Sous-vide: the onsen egg The perfect onsen tamago egg at 62 degrees

One of the typical and most sensible experiments during the first attempts at walking with the Sous-vide equipment is the attempt to prepare the perfect onsen egg. Wikipedia knows the following about this:

Onsen tamago (Japanese 温泉 卵 or 温泉玉 子) or onsen eggs are eggs that have been cooked in Japan’s hot springs, known as onsen. Unlike the usual boiled eggs, they usually cook for around an hour at temperatures between 60 and 70 ° C, which means that both egg white and yolk only coagulate slightly and have an evenly waxy consistency, comparable to lost eggs. (..)

With the spread of the low-temperature method in western gourmet cuisine, the method of preparation of the onsen ice cream was also adopted and refined. Christian Lohse serves peeled onsen eggs breaded in panko and deep-fried, giving the very soft eggs a thin, crispy shell.

Das Onsen Ei

So what you want to achieve is a firm, creamy, almost waxy texture of the egg yolk. Before serving, it is separated from the egg white, because both components of the egg behave completely differently. In the protein, the ovotransferrin begins to stagnate at around 60 ° C, but this protein only makes up around 12% of the protein. On the other hand, ovalbumin, which is around 54% in the protein, needs at least 80 ° C, so it initially remains liquid. In between, somewhere around 62 or 64 ° C, the temperature at which the lipovitellin and phosvitin, i.e. the two main proteins in the egg yolk, solidify. It is therefore important to achieve this temperature with relative precision.

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In my setup, I use the Fusion boss Diamond, kindly provided to me by Julabo for test purposes.

Onsen Ei - vor dem Eintauchen ins Sous-vide

Onsen Ei – vor dem Eintauchen ins Sous-vide

Since the temperature to be selected is fixed, the variable component consists of the time you want to allow the egg to reach the desired cooking point. Of course, the size and personal preference play a decisive role. For medium-sized eggs, you would probably choose 45 minutes for a slightly flowing yellow and around 60 minutes for a rather waxy, firm yolk.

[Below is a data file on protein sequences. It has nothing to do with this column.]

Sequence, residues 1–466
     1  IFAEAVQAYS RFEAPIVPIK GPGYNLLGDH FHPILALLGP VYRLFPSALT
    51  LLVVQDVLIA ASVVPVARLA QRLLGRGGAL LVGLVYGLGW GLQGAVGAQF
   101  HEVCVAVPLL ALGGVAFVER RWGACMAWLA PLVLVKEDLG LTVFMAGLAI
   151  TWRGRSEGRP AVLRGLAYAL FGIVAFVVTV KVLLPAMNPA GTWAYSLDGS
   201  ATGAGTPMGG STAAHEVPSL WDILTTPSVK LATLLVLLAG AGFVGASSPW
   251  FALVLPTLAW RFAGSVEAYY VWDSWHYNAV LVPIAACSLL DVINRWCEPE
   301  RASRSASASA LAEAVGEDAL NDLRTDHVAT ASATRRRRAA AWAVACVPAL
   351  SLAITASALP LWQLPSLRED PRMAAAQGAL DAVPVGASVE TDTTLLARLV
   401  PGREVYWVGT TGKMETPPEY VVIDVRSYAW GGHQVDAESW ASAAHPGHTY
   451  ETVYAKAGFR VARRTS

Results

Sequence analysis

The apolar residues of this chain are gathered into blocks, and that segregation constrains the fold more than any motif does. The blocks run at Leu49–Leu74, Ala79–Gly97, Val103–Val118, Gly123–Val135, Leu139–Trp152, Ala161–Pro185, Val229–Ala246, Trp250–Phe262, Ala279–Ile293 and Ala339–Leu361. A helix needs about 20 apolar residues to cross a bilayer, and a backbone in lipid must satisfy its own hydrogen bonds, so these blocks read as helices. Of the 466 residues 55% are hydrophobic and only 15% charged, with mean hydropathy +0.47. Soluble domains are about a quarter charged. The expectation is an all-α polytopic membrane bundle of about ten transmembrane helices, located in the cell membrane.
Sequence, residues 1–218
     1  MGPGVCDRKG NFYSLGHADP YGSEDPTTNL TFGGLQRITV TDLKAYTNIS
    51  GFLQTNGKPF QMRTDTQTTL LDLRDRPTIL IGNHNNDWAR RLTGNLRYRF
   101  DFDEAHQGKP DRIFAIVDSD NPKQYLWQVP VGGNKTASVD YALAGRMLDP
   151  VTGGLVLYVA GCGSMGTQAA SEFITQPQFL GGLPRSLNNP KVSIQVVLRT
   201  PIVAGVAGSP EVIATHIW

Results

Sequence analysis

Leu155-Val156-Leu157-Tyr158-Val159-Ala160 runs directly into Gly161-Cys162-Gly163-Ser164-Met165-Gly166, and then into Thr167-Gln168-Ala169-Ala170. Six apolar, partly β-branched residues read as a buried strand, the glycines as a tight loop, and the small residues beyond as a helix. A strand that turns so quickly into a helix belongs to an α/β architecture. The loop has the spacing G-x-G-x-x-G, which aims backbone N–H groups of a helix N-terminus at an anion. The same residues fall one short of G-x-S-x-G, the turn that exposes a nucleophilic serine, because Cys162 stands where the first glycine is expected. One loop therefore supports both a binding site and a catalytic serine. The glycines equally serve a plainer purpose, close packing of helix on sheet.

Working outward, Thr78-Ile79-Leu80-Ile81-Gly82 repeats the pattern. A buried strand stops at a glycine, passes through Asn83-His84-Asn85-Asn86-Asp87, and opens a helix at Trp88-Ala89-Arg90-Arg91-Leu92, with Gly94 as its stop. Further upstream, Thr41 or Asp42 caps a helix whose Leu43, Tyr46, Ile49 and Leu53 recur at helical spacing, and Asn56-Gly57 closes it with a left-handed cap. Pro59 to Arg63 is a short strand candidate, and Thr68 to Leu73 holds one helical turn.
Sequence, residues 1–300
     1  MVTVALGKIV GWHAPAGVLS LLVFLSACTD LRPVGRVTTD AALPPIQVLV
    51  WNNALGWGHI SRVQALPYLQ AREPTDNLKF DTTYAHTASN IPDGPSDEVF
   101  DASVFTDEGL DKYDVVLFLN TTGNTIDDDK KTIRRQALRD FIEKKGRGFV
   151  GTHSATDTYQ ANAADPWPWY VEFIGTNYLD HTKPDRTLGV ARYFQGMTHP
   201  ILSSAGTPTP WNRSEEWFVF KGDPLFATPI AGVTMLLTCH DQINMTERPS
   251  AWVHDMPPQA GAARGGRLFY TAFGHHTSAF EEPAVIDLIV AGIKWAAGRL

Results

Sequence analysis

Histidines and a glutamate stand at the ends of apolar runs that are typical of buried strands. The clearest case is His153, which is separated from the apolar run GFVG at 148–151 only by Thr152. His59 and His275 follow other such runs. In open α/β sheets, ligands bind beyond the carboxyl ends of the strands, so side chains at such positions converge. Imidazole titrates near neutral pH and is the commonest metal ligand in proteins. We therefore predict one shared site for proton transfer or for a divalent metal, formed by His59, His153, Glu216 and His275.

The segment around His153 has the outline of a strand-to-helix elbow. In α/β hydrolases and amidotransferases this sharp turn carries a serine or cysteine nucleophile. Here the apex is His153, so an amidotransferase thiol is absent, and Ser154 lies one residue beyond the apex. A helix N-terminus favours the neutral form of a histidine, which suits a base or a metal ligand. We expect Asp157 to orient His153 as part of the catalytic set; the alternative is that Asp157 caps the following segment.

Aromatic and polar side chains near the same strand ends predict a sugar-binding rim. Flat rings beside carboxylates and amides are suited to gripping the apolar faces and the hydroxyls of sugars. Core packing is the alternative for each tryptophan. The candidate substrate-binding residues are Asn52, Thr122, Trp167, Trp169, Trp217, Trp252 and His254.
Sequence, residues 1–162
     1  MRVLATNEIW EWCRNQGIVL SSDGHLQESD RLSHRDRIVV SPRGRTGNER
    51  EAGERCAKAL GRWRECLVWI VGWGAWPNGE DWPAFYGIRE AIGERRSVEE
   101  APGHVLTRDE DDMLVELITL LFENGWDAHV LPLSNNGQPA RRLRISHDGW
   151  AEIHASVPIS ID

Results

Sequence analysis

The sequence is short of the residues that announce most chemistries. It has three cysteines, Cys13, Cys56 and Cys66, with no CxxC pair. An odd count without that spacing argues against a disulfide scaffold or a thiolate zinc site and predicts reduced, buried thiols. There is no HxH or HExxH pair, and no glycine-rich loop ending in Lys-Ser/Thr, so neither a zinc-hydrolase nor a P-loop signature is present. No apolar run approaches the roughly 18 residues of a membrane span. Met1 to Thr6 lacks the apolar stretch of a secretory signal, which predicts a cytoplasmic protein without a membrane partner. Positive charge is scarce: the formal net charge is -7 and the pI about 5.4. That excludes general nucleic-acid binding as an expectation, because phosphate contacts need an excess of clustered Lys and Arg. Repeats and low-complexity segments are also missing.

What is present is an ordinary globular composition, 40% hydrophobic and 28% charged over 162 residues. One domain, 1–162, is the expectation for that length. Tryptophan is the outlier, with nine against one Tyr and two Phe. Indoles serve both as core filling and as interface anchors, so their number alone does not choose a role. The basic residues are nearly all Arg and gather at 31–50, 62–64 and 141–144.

The question remains, of course, what to do with the onsen egg after it has been prepared. After various attempts and repeated attempts, I can credibly assure you: it is not pure enjoyment. Due to the waxy texture and the strong intensity of the taste, there is a very complex, very strongly lining mouthfeel. But, it is a fantastic companion that, thanks to this complexity, can bring many dishes to completely new impressions.

Playing with texture is another approach to variation, for example by putting the egg yolk in a crispy shell. You can also bread it á la Christian Lohse in panko and fry it very briefly. During my test run, I served it with chilli threads and red-green chilli salt with vanilla (exactly, Schuhbeck). Theoretically, you can also include the protein here, because the 54% ovalbumin that was previously still liquid should also stagnate in the hot fat. To do this, however, it would have to be possible to completely bread the entire egg, despite its different, partly liquid consistency …

A much more pragmatic variant is the combination with fresh, light and seasonal products, whether vegetables or mushrooms, which ideally combine harmoniously with the soft egg. Mushrooms and chanterelles have proven themselves well in my experiments, if you want you can slice a little truffle over the egg and thus make the connection even tighter.

Especially in the menus of the upscale gastronomy, dishes with eggs have recently become more established, as they offer a variety of culinary options with extremely low cost of goods. The onsen egg is sure to stand out in particular. With the right equipment and a little practice, this can also be done easily at home. As with many things in life, the aim is more to provide the right accompaniment …

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